The Truth About Dust

When we astronomers talk about dust we don’t mean the type that you spend your life endlessly hoovering up (that’s mostly good old fashioned dirt). We mean cosmic dust, the stuff that is made in the space between stars and covers whole galaxies in huge clouds. It’s the stuff that gives birth to stars and planets. Every thing you ever touched or tasted or loved was once part of a massive cloud of dust floating out in space.

But what actually is this dust? I’ll be honest. We are not 100% sure but we’ve got a pretty good idea. The problem is we can’t just go out into space and grab a handful to look at in the lab. Voyager 1, the furthest man made object from the Earth, is only just leaving our solar system and it took 35 years to get there and won’t be coming back. Going on a jolly to pick up some dust isn’t looking likely. We can try and look at the dust that is in the solar system, and spacecraft like Ulysses and Cassini are doing just that, but it’s still not the same as going out and looking at all the lovely dust inbetween stars.

Sometimes we get lucky and we get hit by a meteorite. If you crack open a meteorite you might just get some stardust (and that is the technical term). It’s quite tricky to get out without destroying it, but we’ve managed to find that cosmic dust is mostly made up of stuff like graphite, silica carbide, aluminium oxide and other such fun things. When a star dies, either by going supernova or just wasting away to a white dwarf, it throws all the elements it made in its life out into the universe. All these atoms form something called the interstellar medium (astronomers call it the ISM, because we love our acronyms!). In the ISM the atoms come together to form dust grains, fractions of a millimeter long. How exactly they come together is still something we’re trying to work out.

These grains all hang out together in huge clouds that go right the way across entire galaxies. The problem is these clouds aren’t transparent, and this can cause a lot of issues if you’re an astronomer. Plonk a big cloud of dust in front of a star and it will soak up all the light from that star and block it from view. However, as it soaks up all that light the dust cloud is also soaking up all of the heat. Everything that has a temperature emits thermal radiation and you can see these clouds if you use giant, very fancy, very expensive heat cameras. With these cameras we can reclaim a lot of lost information as nearly half of all the light that shines from stars gets soaked up by dust clouds. If we didn’t look at the heat images of these clouds, all that information would be lost.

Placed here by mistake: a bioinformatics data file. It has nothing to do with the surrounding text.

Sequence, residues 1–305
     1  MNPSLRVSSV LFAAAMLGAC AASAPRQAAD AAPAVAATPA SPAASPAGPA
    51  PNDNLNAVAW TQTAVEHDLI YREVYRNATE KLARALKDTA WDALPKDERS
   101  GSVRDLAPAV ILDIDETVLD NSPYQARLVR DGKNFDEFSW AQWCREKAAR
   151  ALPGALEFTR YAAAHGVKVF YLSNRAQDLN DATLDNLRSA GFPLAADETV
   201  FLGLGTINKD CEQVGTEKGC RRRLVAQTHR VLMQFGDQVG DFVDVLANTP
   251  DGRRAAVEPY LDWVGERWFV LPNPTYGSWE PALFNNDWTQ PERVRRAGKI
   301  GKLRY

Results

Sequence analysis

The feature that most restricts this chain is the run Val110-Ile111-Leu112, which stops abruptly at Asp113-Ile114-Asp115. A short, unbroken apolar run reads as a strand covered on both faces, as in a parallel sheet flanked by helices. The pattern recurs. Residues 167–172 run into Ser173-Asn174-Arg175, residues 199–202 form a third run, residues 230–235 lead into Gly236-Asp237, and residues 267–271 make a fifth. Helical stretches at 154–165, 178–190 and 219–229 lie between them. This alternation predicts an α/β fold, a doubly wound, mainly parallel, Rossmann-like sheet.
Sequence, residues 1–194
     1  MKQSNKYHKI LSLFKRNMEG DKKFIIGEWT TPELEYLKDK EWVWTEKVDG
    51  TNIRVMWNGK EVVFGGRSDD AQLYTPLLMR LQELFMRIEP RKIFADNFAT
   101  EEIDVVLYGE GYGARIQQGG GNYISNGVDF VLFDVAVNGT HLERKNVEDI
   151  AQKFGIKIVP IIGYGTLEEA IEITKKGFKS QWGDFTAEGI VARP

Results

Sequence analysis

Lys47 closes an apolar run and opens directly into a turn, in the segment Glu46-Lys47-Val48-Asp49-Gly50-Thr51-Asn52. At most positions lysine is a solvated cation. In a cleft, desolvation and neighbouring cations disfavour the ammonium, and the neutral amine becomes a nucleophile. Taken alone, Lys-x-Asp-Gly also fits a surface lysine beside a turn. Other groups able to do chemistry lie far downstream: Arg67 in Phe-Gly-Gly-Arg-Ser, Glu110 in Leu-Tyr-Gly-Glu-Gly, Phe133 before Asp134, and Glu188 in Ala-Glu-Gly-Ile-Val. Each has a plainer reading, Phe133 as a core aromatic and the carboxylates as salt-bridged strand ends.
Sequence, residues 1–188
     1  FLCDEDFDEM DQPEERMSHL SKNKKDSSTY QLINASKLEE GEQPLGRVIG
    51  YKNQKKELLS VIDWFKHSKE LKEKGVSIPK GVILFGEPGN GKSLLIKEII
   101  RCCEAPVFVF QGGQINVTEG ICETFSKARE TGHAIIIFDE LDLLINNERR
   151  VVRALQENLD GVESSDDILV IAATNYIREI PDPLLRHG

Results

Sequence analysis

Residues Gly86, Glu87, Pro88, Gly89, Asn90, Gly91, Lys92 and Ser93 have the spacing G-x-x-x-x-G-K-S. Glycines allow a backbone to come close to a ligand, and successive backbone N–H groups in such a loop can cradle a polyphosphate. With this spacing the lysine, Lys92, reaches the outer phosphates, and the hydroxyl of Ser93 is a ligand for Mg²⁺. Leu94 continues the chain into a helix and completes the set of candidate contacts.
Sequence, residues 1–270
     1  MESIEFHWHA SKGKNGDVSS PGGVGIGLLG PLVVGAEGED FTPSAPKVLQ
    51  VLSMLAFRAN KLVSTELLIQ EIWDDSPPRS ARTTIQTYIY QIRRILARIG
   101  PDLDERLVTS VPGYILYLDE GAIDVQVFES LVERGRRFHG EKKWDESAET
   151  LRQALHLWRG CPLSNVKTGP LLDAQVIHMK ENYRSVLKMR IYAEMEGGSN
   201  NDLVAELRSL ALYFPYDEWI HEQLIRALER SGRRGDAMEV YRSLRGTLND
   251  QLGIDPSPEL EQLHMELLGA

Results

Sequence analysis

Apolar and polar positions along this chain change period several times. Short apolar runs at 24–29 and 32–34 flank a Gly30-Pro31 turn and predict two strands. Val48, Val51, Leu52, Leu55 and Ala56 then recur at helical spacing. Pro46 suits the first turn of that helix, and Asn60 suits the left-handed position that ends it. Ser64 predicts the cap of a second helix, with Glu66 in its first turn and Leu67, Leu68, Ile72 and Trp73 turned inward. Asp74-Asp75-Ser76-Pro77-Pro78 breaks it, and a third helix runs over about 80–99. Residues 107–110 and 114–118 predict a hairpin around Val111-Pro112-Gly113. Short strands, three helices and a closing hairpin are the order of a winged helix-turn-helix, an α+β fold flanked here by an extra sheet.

Andromeda Galaxy

The Andromeda galaxy is the closest galaxy that resembles the Milky Way and so has long fascinated astronomers. The top image shows the visible image, so if your eyes were giant telescopes this is what you would see. Throughout you can see dark bands, where dust lanes are blocking out the star light. The lower images is in the infrared, so shows the heat pattern, with the bands of dust glowing brightly. If you look carefully you can see that the dark patches in the optical match up with the bright lanes in the infrared. (Visible: Kitt Peak National Observatory, Infrared: Spitzer, Image: HubbleSite)

This dust isn’t just acting like a giant rain cloud blocking out the starlight. It’s really important to the growth and life cycle of stars and galaxies. Dust is made from dead stars but it’s in these huge clouds, or nebula, that new stars get born. Our own sun was born from the remains of other stars that died millions of years before, as were all the planets including the Earth and everything on it. As Carl Sagan said ‘we are all made of star stuff’. The next time you’re doing the hoovering spare a thought for the dust, because once that dust was cosmic and lived in the space between the stars.

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